Instrumental trio The Aristocrats deserve all the respect in the world, after two highly acclaimed studio albums and three; including the secret Osaka gig album, live ones, the band has now released their third studio effort since the band got together in 2010. As most of you will know, besides The Aristocrats, all three members are very active, accompanying other prominent musicians like Joe Satriani, Mike Keneally and Steven Wilson. Both guitarist Guthrie Govan as well as drummer Marco Minnemann choose to record and tour with their own band over the planned tour they could do with Steven Wilson, this indicates how important and serious this band is for them. Bass player Bryan Beller returned from touring with his buddy Minnemann, just to find himself in a recording studio to make sure this new album; Tres Caballeros will be available in the stores before the band hits the road again for another world wide tour.
The music on Tres Caballeros is showing new elements for The Aristocrats, but in the same time the sound of the songs is recognizable. Minnemann's explosive drumming, sudden outbursts of energy are accompanied by odd tempo patterns, creating an interesting base for a lot of their compositions. Compositions that are equally divided by the three members; each musician wrote three songs for the album. The Minnemann compositions; Stupid 7, ZZ Top and Pressure Relief are technically challenging, with a lot of changes and mood swings and as it seems written from a technical point of view, just to see how his fellow band members react to his structures. Both Guthrie Govan as well as Bryan Beller have added a blend of Americana and Country music to The Aristocrats sound, emphasizing the albums theme. So are Govan's contributions; Jack's Back, Pig's Day Off and The Kentucky Meat Shower perfect showcases of country laden fusion. Influenced by Albert Lee, Eric Johnson and the instrumental work of Brad Paisley, but like I wrote, always with a twist and heavily drenched in fusion. Beller's contributions; Texas Crazypants , Smuggler's Corridor and Through The Flower also have a solid country rock feel, but here the songs do have a more heavy side to them. Nevertheless with Through The Flower, he brings the blues to life, in an impressive aristocratic way.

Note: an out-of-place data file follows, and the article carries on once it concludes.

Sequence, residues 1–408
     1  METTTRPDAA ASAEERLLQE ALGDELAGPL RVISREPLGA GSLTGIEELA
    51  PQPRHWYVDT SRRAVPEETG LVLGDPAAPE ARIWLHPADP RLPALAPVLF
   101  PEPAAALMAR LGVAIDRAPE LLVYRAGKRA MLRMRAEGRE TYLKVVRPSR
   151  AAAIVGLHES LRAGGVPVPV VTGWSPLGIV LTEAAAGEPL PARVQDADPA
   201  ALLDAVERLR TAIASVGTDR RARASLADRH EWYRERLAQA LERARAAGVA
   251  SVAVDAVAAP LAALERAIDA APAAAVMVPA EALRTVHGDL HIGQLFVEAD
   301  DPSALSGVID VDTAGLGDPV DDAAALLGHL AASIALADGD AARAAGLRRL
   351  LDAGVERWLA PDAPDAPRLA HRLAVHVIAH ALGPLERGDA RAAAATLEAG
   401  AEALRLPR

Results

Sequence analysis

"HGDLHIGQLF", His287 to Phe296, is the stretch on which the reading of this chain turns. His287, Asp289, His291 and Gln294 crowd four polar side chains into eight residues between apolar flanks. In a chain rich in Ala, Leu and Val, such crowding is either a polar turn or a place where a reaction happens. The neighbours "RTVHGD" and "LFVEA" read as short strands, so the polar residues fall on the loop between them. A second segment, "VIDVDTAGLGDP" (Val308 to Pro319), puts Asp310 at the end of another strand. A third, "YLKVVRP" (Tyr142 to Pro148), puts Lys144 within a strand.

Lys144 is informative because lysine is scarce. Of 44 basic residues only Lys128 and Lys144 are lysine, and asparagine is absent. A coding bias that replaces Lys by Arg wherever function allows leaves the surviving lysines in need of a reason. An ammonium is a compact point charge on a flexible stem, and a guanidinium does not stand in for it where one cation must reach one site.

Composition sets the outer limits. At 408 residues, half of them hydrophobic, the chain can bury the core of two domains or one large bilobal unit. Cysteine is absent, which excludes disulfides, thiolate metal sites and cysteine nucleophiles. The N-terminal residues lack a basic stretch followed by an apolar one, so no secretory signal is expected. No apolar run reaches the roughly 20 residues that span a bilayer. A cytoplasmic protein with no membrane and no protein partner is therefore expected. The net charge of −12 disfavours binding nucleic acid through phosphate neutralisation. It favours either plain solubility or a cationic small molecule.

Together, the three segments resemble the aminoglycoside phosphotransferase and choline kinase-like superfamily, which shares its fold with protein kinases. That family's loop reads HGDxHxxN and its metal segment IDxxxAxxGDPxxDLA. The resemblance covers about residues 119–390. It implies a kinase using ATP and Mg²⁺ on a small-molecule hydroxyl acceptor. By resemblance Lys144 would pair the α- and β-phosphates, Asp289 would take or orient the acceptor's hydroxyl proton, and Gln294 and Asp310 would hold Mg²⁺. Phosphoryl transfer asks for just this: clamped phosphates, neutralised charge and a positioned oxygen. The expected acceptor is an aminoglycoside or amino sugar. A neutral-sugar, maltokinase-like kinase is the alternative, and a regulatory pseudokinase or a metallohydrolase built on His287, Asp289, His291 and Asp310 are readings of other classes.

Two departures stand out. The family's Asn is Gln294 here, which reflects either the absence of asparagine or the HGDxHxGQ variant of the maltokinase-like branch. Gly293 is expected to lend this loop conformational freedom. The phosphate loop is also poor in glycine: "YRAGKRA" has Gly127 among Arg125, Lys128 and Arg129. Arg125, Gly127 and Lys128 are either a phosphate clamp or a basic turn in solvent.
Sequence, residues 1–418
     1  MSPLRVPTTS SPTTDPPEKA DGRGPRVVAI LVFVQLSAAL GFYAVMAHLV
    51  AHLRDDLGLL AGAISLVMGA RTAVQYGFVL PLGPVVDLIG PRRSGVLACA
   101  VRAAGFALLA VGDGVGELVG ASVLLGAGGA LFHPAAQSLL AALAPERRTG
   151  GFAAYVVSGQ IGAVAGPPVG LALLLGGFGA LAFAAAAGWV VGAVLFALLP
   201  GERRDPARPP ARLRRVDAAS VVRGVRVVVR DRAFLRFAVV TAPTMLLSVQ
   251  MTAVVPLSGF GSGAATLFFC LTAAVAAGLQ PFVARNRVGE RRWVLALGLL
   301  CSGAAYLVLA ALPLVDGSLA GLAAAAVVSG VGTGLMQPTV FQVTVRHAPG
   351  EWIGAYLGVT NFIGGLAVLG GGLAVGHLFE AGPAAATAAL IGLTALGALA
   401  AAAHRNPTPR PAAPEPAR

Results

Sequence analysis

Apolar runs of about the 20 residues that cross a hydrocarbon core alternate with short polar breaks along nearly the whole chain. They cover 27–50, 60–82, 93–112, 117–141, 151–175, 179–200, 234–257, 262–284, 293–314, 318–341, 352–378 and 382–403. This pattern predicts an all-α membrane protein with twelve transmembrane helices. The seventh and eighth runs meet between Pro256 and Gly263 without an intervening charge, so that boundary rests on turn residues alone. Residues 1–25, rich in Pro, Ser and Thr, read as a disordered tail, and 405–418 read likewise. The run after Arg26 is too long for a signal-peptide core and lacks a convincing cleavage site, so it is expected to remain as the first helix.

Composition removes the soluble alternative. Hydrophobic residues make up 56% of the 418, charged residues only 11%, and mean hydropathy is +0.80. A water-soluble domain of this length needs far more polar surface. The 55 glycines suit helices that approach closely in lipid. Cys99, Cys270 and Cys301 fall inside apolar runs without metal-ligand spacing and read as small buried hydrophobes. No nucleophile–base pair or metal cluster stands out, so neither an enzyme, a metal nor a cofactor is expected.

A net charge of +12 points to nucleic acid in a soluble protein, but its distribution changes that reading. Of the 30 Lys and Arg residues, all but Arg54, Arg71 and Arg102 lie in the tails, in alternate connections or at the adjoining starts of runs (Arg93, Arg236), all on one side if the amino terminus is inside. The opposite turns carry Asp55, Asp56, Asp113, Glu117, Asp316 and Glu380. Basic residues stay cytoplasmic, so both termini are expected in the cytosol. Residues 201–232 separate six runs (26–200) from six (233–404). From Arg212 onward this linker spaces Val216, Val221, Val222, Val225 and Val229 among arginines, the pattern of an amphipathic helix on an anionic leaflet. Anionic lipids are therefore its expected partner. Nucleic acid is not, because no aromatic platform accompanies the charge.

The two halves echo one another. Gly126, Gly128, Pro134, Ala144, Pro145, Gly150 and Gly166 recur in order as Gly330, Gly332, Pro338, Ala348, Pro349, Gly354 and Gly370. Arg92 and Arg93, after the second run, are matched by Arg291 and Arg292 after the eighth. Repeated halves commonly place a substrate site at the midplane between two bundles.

I guess after the two previous impressive albums, The Aristocrats can rely on a solid fan base. One half instrumental and fusion fans, the other because of the progressive rock element in their music. With Tres Caballeros highlighting the country element, which always has been just beneath the surface on the previous albums, The Aristocrats will gain more new friends, with different musical backgrounds. I am curious which elements will find their way to The Aristocrats music in the future.
****+ Pedro Bekkers (edited by Astrid de Ronde)
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